So much attention is given to designing a log home’s exterior. Choosing a log profile and the perfect stain to enhance it is a painstaking process. Corner systems are chosen for aesthetics as much as function. Windows are rarely Plain Jane affairs, but more often feature arched tops and intricate grille designs.
Why, then, does outdoor lighting go overlooked? More often than not, a home’s exterior lighting plan is an afterthought, falling somewhere on the priority list after choosing lightswitch covers and just before ordering pizza for the construction crew.
It doesn’t have to be that way; in fact, it shouldn’t be. With a little forethought and planning, the proper outdoor lighting scheme can enhance your home’s appearance and your enjoyment of the great outdoors — not to mention your family’s safety.
Why Light Up The Night?
Safety, of course, is another consideration. Properly-lit paths and walkways are safe surfaces where trips and falls are less likely. When you can see the spaces around your home, you feel more comfortable moving through them at night. You also have peace of mind from knowing who or what is near your home.
As strange as it may sound, outdoor lighting can also enhance your log home’s interior spaces. Lighting beyond your home’s windows and doors makes the spaces and views outside your windows part of the rooms inside your home. Perhaps more importantly, outdoor lighting has the ability to create the perception of safety and comfort by eliminating "black holes."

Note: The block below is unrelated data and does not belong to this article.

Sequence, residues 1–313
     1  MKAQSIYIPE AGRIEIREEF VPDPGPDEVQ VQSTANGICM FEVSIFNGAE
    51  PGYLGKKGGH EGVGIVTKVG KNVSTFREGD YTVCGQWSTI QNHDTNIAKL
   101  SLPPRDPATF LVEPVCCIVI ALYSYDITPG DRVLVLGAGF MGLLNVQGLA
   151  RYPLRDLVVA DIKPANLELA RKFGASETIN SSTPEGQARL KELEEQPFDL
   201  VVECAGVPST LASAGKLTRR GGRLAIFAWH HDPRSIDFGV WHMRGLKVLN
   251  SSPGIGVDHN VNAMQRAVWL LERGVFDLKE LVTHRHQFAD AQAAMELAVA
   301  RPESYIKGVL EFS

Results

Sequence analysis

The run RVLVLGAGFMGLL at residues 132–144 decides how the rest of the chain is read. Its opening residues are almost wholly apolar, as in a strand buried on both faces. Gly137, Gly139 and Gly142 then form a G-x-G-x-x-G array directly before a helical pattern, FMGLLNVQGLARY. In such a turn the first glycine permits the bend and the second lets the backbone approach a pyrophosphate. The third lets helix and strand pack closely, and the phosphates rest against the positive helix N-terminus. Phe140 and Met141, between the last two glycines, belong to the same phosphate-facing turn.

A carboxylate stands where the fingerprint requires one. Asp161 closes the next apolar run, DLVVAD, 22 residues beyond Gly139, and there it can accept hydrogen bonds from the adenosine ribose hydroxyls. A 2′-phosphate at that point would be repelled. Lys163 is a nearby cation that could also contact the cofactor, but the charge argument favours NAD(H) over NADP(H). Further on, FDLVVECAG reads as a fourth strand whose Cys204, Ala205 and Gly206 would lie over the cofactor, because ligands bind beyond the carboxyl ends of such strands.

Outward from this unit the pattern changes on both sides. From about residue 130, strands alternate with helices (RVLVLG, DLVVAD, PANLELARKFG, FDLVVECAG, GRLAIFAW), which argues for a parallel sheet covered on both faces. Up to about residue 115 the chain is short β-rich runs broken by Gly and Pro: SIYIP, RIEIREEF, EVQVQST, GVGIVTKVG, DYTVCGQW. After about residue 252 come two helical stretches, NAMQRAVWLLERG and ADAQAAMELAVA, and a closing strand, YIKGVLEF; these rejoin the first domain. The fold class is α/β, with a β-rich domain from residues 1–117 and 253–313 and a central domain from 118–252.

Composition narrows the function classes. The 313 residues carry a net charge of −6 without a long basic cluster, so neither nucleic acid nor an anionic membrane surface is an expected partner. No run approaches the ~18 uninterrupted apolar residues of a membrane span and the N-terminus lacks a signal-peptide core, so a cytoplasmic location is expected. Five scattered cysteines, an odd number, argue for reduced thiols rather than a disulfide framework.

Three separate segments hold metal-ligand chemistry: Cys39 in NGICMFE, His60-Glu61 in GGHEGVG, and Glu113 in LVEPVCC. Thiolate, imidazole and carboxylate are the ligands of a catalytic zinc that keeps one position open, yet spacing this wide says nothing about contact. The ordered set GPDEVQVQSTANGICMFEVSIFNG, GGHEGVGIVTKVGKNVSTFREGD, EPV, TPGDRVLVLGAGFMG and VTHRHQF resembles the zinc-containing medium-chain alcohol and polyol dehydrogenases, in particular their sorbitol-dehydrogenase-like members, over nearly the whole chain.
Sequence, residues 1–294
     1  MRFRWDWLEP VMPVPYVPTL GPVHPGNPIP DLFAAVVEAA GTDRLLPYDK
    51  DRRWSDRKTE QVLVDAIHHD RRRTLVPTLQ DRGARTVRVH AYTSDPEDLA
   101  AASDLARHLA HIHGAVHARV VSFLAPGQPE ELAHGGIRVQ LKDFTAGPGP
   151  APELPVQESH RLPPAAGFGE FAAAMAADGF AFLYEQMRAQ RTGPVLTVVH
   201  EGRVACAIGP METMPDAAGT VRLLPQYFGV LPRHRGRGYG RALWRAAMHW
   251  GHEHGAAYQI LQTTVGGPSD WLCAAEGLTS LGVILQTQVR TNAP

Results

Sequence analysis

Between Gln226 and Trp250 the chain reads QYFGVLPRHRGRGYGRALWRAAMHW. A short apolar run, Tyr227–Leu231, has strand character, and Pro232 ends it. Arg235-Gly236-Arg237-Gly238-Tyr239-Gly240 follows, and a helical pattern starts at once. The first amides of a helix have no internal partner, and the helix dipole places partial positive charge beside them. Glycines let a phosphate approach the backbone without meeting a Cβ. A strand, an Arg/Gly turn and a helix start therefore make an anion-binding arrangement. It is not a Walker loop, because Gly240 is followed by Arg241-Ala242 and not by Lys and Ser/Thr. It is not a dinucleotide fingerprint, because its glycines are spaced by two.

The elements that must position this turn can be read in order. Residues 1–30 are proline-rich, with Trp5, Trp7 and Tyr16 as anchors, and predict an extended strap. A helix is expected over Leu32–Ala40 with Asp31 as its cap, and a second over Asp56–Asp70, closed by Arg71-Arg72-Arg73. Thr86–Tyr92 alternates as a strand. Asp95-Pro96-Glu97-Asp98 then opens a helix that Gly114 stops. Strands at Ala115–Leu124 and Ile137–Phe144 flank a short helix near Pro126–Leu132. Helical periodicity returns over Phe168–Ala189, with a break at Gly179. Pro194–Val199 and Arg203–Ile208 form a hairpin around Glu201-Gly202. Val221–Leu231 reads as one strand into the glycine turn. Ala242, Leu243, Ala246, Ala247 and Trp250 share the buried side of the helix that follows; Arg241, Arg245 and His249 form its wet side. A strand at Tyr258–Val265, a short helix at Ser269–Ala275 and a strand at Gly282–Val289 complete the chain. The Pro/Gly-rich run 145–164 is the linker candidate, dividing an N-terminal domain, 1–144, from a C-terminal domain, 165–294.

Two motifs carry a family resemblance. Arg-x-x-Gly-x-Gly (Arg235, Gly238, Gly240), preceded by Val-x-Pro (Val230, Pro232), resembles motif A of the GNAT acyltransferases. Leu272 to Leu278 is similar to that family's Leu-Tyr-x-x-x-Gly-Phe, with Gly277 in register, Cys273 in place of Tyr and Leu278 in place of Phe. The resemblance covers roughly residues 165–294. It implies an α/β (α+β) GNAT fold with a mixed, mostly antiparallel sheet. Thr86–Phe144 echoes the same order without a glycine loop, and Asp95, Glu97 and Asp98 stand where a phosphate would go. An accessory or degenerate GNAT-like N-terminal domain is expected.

Lighting experts use this term to describe how windows become sheets of black that block views when lighting inside the home is not balanced against the dark of night outside. Instead of offering views out of the home, as they do when they appear transparent during the day, the windows reflect the lights and items inside the home.
When interior lighting is balanced by artificial lighting beyond the windows, you can see the area around your home and therefore feel more comfortable.
Beyond these practical considerations, outdoor lighting enhances the enjoyment of your yard, decks and patios. You put a great deal of work into choosing the right piece of property and enhancing it with landscaping. Why not show it off? You build decks and patios for entertaining. Why not enjoy them day and night? You can do just that with appropriate outdoor lighting.
Mood. Consciously thinking about how an area will be used will help you determine the mood or feeling you want to create there. Drama is often the intent of lights placed in gardens and stands of trees, but safety is paramount on that walkway between the house and the compost bin or garbage center. On the other hand, lighting should encourage conversation without overpowering guests on a deck and provide intimate privacy near a hot tub or private balcony.
Security & Safety Lighting
Switches that control security lights should be close at hand — perhaps even in the master bedroom. You can also install motion sensors on security fixtures, but remember that wildlife may trigger them.
Safety lighting is installed in common sense places:
Landscape & Garden Lighting
Downlighting. As its name indicates, this lighting strategy features fixtures installed above the items being illuminated, usually activity areas.
Moonlighting. A form of downlighting, moonlighting is created when soft light filters through branches to create shadows and patterns on the ground and on the leaves and branches of the tree.
Uplighting. Lights placed at or near ground level highlight selected focal points, whether they’re trees, garden accents or structures. Spot lighting. An intense, closely controlled beam of light places special emphasis on a focal point.
Diffused lighting. Virtually the complete opposite of spot lighting, diffused lighting spreads an even light over a large area.
Lighting Your Home
Remember these simple points:
For more information on lighting your home, check out the July 2003 issue of Log Home Design Ideas.